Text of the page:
Room At The Inn
Monday. I did wander down Broadway to 14th Street at noon to watch a very long parade of primarily Hispanic folks demonstrating in favor of naturalization, now that they've been living and working here in the millions for so many years. Lots of people, lots of signs. I'm surprised, however, at the intensity of feeling I'm seeing around me on the question.
My own limited understanding is we've been allowing employers in our country to hire undocumented workers without penalty for years. I worked in the wine business in the 80's and we used undocumented vineyard workers. Vineyard work paid better than others, something like twice the going rate (I was the finance guy, so I knew the numbers), as we had to have people with wine grape skills that demanded a premium, but we were also aware the INS wasn't going to hassle us for not checking documents. Our vineyard workers paid a price, but we sat back comfortably without penalty and hired any necessary replacements.
This has been the reality: when you don't enforce laws against hiring undocumented workers you're essentially making a statement it's OK to come over the border (less any who die crossing the desert) and now that they've lived and worked here for decades, many with children who were born here and are therefore themselves US citizens, well, you're making the statement (wink! wink!) you're wanted. Fucked over, but wanted. Whatever your position, I don't think you deport 12 million people without problems. Real problems. Bush is right on the issue (yes, it hurts me to say it) but all he's doing is stating the obvious. (I wish he had a broader familiarity with the obvious.)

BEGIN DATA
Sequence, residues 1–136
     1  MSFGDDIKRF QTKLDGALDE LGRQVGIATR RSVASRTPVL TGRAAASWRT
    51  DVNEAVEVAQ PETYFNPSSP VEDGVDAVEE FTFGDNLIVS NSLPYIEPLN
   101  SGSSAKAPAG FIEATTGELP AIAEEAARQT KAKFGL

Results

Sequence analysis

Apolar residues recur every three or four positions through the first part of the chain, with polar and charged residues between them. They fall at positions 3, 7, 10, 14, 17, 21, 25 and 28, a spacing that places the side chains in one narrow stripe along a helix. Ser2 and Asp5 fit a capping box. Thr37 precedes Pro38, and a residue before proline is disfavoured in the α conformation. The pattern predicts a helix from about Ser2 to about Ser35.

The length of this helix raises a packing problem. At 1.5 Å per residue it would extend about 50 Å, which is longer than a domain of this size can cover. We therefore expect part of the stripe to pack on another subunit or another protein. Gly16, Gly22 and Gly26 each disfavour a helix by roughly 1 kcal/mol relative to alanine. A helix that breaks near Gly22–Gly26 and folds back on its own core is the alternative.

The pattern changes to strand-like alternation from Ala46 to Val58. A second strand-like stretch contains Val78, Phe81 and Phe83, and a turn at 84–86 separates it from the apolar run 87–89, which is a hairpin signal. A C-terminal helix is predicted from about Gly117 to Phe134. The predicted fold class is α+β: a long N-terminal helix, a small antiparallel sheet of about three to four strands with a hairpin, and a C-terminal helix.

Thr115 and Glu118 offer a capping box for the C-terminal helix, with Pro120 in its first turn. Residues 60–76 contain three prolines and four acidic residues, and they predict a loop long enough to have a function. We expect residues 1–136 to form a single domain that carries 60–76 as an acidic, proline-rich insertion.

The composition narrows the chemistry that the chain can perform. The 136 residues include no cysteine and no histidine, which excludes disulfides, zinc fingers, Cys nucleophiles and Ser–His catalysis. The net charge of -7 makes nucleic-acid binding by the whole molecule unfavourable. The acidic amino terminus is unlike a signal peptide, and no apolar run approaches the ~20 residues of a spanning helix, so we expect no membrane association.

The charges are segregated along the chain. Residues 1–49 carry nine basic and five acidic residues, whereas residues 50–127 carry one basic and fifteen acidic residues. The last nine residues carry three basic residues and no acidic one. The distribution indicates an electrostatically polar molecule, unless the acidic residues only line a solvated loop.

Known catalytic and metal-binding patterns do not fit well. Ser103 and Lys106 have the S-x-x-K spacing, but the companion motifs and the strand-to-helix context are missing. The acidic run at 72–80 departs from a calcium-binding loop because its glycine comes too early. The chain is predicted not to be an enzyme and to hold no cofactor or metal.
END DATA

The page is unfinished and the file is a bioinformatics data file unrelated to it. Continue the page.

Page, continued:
It's a touchy issue. I have people I work with who seem genuinely angry we're not tracking people down and shipping them back to wherever, almost as if they weren't talking about human beings but arguing some philosophical proposition in a classroom. I haven't come to a conclusion on the question of how tight we need to keep the border, but generally I'd prefer to do what's necessary to get your average terrorist to check in his or her thermo-nuke with the local sheriff when entering. Of course they're not going to walk in over the desert pretending to pick lettuce, what with all the airplanes and container ships around that accept Master Card. One thermo-nuke and this discussion goes out the window, of course, so maybe we're just treading water. Still, crack down on employers and you don't have to build an American-Berlin wall with all the crappy psychological side effects. There should be a workable compromise where we would get serious about regulating the border (a guest worker program, going after the employers, helping Mexico to get its act together) and give those who are already here a reasonable track to citizenship.
Do you really think anybody wants to read that?
No, but sometimes I have to write it. Pass the sake.